Sunday, January 04, 2009

Utility Bike

After the failure of my previous attempt at building a commute bike, I found this one on Craig's List.  Back in the mid-80's, this would have been pretty lustworthy.  It was built to go fast, using aluminum tubes glued into steel lugs.  Twenty-year-old glue is not the most confidence-inspiring construction for me to ride, but I figure I'm not leaving city limits on this bike and I can always take the pieces home on the bus if it fails.

I'm into the silver paint.  It reminds me of the silver-on-silver paint scheme on a lot of Mercedes.  Since I have too many bikes, my commute bikes get names.  This one is named "Mercedes."

The cockpit is totally old-school.  I'm really into the downtube shifters - now that I've tried barend shifters, I think this is the only place to put separate shifters on a road bike.  The right shifter is actually indexed, which usually works, and is pretty cool.

The head badge reads "Raleigh Cycle Corporation of America."  I'm not sure what the deal is with the ownership of the company, because Raleigh is based in the UK, but these bikes were made in a factory in Kent, which is several miles south of Seattle.  I actually saw another one locked up outside the grocery store the other day, which I enjoyed.

Mercedes has kind of beat up wheels and the bearings need to be replaced.  They're sealed bearings, which is very unusual for the '80s, so when I'm less broke I can order replacements.  Probably.  On the other hand, if they were the older cup-and-cone style, I could repack them this evening.  Despite the notchiness of the bearings, it's actually a pretty responsive bike and much more fun to ride than my previous attempt or a lot of contemporary non-racing bikes.

I also plan to put better fenders on it and a rack with collapsible wire baskets so that I don't have to carry my groceries in my messenger bag when I use it to go shopping.  I survive those trips, but my bread sometimes ends up a little oddly shaped.  It'll also be cool to be able to throw my stuff in one of the baskets when I commute.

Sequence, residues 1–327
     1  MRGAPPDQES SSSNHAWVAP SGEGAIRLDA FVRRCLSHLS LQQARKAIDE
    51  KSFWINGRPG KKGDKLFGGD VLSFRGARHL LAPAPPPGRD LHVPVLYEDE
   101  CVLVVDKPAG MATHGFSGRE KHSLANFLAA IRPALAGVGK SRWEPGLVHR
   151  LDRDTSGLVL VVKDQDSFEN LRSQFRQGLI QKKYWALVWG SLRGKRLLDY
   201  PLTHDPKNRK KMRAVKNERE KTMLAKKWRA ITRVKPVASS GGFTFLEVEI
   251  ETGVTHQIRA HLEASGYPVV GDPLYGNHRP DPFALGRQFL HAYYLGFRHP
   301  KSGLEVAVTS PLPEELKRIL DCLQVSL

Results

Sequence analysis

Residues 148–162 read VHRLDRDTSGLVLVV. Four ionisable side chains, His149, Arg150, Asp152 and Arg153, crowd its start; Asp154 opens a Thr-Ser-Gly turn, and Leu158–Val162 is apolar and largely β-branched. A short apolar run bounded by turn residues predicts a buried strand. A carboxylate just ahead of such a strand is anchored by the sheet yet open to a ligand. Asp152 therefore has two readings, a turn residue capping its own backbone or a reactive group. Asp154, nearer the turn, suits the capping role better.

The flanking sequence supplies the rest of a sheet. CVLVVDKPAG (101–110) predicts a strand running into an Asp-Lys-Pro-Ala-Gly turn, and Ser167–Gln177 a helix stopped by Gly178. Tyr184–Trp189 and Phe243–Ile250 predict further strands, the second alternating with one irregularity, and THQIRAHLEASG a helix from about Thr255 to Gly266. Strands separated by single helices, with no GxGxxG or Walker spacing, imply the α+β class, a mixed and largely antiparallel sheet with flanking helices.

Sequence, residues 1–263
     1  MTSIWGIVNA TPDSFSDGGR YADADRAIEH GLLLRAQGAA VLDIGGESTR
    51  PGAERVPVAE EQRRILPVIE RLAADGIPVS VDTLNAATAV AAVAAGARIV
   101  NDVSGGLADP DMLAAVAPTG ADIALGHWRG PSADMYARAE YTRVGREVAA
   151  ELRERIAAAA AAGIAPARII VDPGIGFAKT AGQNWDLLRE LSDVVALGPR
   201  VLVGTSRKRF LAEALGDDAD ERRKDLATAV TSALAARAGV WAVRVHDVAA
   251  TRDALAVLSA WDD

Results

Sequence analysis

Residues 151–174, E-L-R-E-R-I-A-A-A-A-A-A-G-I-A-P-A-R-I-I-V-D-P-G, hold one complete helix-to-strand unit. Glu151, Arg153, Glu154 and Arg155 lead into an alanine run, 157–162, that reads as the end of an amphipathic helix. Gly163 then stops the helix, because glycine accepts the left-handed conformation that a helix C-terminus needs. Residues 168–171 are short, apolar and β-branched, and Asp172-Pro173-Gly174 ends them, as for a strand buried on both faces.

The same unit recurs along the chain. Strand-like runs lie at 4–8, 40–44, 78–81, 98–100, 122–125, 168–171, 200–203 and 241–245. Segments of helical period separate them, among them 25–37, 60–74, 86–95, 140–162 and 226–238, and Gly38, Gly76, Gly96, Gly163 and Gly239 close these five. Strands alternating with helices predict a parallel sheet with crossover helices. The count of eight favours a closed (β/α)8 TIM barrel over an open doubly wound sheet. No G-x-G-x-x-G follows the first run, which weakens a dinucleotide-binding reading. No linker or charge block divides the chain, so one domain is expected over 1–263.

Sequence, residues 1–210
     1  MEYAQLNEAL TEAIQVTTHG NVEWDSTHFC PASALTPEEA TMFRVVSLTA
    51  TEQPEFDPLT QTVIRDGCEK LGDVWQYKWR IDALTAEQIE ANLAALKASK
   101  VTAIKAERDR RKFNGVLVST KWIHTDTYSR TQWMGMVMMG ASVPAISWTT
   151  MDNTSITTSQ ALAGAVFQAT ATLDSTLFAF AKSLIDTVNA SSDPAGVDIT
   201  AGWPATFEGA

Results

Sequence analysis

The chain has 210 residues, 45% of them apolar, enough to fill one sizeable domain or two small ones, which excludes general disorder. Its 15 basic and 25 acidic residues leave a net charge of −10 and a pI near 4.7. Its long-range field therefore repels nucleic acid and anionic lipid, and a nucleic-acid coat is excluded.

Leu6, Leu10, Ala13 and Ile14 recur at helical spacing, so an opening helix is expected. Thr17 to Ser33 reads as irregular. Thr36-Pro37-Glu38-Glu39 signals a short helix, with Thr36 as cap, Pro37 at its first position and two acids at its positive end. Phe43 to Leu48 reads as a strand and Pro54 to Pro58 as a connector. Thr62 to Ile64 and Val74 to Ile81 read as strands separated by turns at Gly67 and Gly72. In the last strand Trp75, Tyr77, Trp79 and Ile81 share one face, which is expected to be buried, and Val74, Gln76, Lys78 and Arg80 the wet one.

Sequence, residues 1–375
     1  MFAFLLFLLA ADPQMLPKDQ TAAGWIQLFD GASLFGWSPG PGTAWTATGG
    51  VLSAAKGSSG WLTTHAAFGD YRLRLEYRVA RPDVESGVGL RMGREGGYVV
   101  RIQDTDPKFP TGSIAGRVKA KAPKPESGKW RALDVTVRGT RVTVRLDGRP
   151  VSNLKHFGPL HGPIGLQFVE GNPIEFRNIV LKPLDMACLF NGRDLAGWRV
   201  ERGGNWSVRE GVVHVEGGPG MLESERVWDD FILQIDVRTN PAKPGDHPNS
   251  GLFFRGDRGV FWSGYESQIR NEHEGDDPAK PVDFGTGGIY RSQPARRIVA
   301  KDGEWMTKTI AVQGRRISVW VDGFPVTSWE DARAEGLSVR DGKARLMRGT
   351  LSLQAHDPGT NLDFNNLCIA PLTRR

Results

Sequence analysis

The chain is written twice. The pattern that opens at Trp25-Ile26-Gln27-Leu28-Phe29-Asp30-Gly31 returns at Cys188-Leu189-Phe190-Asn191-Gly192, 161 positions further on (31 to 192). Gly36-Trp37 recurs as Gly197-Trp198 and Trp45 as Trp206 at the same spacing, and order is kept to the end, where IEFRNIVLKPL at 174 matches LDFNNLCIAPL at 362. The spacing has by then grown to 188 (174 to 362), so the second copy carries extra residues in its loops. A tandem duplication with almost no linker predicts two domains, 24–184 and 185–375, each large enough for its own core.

The last picture is the front end from my previous commuter.  That bike was, unfortunately, too old to bring up to a level of reliability that would have been acceptable to me.  Also unfortunately it took until after I'd already replaced the front end, which was quite an adventure, to break the part that made me reach that conclusion.  I've already stripped the frame and dumped it in the recycle can the other day, and I'm probably going to cut the rims off the hubs on the original wheels and send them out soon too.  The hubs I'll hold onto; they're okay hubs and could be rebuilt and used in wheels for another ten-speed.

As built the day that I broke the crank, the bike was actually pretty cool and I was really enjoying it.  The new front end came about because the stem was frozen into the fork in a position that was much too low for me, so I removed it destructively.  That meant I needed a new fork and stem.  When I saw the 700C disc fork above at Recycled Cycles, I had to have it.  I found the front wheel, which is a 26" wheel, there, as well as the tire and the disc caliper.  The disc brake was for a mountain bike, so I needed new brake levers, to pull the appropriate amount of cable.  I also picked up new shifters, to go on the ends of the handlebars, since the previous shifters had been mounted on the stem that I'd cut in half.  The end product of all this work was an odd little grey bike with a 650A rear wheel (590mm for those keeping score at home) a 700C (622mm) disc fork, and a 26" (559mm) front wheel.  Because the front wheel was smaller than the original wheel, it made up for the new fork being taller and the bike handled only a little faster, which was fine with me because it was a bit sluggish before.  The larger front tire gave it a really aggressive look, which was fun, and the whole rig got a lot of compliments for as long as it lasted.

Still, the one I got to replace it is much faster and lighter, and so far it's much more reliable as well.  Score one for bikes that were built to last.

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